For people who want to prevent pregnancy, birth-control drugs come with an obvious reward. They also come with some small risks—including, for some forms, a slightly increased risk of breast cancer.
This has long been known about the most popular type: combined hormonal birth control, which is available in pill, patch, and ring form. These all contain both estrogen and progestin, a synthetic version of the naturally occurring reproductive hormone progesterone.
Less is known about the breast-cancer risks of progestin-only birth control, a type that’s growing in popularity because it only contains one hormone. By eliminating estrogen, these methods cut out some of the risks associated with the hormone, such as blood clotting.
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But new data from the U.K. have allowed researchers for the first time to compare the breast-cancer risks of different popular types of hormonal birth control—and the study found no difference in risk between women using progestin-only birth control and those using methods that combine progestin and estrogen.
The new research, published Mar. 21 in PLOS Medicine, addresses a longstanding knowledge gap and could help experts better understand the mechanisms behind the risks and benefits of birth control. “There’s a really limited understanding of the mechanisms for how oral contraceptives may be influencing breast-cancer risk,” says Shelly Tworoger, Associate Center Director for Population Science at the Moffitt Cancer Center, who was not involved in the study. Because the risk metrics look the same for formulations with and without estrogen, she says, “the findings could suggest that the progestins are the primary source of what’s going on to increase risk of breast cancer.”
Combined hormonal birth control has a well-documented yet complex relationship to various cancers and other minor risk factors because it’s been around since the 1960s. “There’s quite a lot of evidence already that women have an increase in breast-cancer risk while they’re taking combined oral contraceptives,” says Gillian Reeves, director of the cancer epidemiology unit at the University of Oxford and an author of the study. But “that increase is small, and it seems to decline once women stop taking it.” Many other options have since emerged that ditch the estrogen in favor of progestin-only formulas, including the progestin-only pill, also called POP or the “mini-pill.” While POPs are only used by about 4% of American women, their adoption worldwide is continuing to grow. Reeves says that in 2020, the U.K. saw nearly as many prescriptions for POPs as it did for combined hormonal pills. And of the 14% of women worldwide who use IUDs, the majority use a hormonal version, all of which only contain progestin.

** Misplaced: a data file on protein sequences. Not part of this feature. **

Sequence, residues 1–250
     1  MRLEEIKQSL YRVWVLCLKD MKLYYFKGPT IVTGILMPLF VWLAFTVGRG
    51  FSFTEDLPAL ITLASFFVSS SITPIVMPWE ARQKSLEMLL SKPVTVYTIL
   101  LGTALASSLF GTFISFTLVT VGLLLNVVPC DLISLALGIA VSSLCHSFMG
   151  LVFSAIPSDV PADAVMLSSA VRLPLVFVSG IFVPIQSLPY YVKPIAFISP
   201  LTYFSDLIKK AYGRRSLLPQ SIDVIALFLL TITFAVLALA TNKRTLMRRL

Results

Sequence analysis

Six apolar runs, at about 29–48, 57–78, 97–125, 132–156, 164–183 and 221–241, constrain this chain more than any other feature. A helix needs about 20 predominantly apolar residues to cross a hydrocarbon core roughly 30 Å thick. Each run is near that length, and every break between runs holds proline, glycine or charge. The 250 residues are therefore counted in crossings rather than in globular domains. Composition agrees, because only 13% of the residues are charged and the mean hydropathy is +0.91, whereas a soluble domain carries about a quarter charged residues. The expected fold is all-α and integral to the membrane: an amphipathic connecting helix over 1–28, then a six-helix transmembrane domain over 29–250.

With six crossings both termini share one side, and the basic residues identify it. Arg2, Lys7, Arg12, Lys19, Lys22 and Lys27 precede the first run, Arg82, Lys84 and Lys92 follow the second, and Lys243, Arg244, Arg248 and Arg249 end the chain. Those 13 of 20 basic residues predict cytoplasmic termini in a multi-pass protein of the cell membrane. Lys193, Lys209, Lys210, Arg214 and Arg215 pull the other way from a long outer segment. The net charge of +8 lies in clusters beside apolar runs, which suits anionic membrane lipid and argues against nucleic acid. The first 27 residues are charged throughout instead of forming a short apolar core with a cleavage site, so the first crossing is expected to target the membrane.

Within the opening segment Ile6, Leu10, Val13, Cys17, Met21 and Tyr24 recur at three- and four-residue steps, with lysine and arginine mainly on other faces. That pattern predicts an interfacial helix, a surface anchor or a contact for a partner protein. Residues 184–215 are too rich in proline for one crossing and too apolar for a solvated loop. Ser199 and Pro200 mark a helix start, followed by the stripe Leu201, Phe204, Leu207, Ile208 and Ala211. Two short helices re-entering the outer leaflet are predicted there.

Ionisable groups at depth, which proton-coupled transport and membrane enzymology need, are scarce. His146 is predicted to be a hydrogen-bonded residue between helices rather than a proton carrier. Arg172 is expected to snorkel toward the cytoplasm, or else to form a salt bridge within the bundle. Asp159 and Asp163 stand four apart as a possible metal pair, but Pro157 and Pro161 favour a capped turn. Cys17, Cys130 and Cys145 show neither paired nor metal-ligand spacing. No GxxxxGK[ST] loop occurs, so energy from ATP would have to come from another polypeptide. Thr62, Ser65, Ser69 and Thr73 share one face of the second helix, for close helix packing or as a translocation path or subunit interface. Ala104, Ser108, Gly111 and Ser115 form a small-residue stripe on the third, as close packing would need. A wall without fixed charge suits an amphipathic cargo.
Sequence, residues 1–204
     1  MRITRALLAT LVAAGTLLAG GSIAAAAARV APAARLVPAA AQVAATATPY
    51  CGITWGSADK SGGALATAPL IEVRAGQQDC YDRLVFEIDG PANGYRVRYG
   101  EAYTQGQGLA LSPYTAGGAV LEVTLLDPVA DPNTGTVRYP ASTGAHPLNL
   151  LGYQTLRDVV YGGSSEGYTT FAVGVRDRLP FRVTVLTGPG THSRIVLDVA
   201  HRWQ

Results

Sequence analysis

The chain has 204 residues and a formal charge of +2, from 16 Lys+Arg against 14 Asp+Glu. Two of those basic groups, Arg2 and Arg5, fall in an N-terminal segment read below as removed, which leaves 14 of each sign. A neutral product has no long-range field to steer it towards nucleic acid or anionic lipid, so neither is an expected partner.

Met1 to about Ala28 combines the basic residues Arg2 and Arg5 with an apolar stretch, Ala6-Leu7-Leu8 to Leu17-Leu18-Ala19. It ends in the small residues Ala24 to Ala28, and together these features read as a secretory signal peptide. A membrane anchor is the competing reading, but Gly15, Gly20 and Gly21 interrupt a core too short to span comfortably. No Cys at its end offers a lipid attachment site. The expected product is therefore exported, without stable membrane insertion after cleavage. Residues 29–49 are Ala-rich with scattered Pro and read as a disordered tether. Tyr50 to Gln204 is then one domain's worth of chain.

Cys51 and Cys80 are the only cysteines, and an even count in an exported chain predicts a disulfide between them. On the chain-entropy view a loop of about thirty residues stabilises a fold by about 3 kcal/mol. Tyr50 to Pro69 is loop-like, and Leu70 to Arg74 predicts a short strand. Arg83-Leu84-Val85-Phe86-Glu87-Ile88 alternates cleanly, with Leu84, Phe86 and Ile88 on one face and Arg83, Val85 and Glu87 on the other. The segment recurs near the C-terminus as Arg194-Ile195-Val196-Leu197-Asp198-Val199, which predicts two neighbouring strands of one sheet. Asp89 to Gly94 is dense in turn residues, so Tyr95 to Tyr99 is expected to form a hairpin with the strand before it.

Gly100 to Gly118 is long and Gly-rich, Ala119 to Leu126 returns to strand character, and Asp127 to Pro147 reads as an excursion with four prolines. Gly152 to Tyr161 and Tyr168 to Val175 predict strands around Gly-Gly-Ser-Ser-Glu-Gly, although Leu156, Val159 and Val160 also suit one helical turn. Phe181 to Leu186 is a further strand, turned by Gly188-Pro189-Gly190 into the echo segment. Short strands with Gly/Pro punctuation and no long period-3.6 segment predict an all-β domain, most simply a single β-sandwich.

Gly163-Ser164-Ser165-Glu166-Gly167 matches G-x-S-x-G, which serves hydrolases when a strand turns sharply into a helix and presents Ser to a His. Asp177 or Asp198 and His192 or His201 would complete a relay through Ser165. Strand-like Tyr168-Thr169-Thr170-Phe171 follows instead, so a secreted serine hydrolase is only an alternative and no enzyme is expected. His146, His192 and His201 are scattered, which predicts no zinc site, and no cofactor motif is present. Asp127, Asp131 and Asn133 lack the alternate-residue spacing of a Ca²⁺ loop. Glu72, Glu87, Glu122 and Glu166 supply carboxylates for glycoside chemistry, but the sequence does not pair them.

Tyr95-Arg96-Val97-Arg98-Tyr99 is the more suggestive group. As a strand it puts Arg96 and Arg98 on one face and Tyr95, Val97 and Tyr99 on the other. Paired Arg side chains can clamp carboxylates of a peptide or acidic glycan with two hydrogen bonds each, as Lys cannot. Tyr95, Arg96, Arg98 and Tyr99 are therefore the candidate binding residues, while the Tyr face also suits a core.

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Reeves and her research colleagues were curious about the breast-cancer risk for people taking progestin-only birth control methods. For their new study, they sorted through prescription records from a group of almost 10,000 female, British breast-cancer patients under age 50, as well as a control group of similar-age women who did not have breast cancer. When comparing medical histories, the team found that current or recent use of a progestin-only contraceptive method was associated with an increase in breast-cancer risk of about 20% to 30%—the same increase associated with combined contraceptive methods.
While this might sound like a huge number, Reeves says that it’s important to consider that the number being increased—the average woman’s chances of developing breast cancer, if she has no other indicators or family history—is very small to begin with. “Twenty percent is not going to lead to many extra cases, because it’s so rare,” says Reeves. Though breast-cancer risk increases as women age, “for women who, say, take it for five years from 30 to 34, you’re talking about an increase in risk up to age 50 of something like 0.2%,” she says. “So it’s very small.”
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Traditional combined hormone oral birth control is protective against some other cancers, too, though experts aren’t entirely sure why. Although women who take them are at slightly higher risk of developing breast and cervical cancers, they have a lower likelihood of developing endometrial, ovarian, and colorectal cancers. The new research didn’t look at progestin’s-only birth control’s effects on risks of other cancers.
The findings could pave the way for new knowledge about how hormonal IUDs affect the body. Because IUDs are placed directly in the uterus, their hormonal effects only need to work locally. And for the most part, it seems like they do. But the new study found no difference in increased breast-cancer risk between different methods of progestin-only birth control—such as pills vs. IUDs—which means that the hormones in an IUD are either traveling more widely in the body than previously thought, or setting off some sort of hormonal chain reaction that begins in the uterus and ends up affecting breast tissue, Reeves says.
Reeves and Tworoger agree that the findings do not indicate the need for any changes in how physicians prescribe birth control for any of the myriad reasons that someone might want to take it. And nobody should be going to their doctor after reading the study asking to be taken off their medication, says Reeves. “There’s no reason to be any more concerned than you would be about using a combined oral contraceptives.” Picking the right birth control is all about balancing the small known risks with the proven rewards, says Reeves, “and that’s what women do every day.”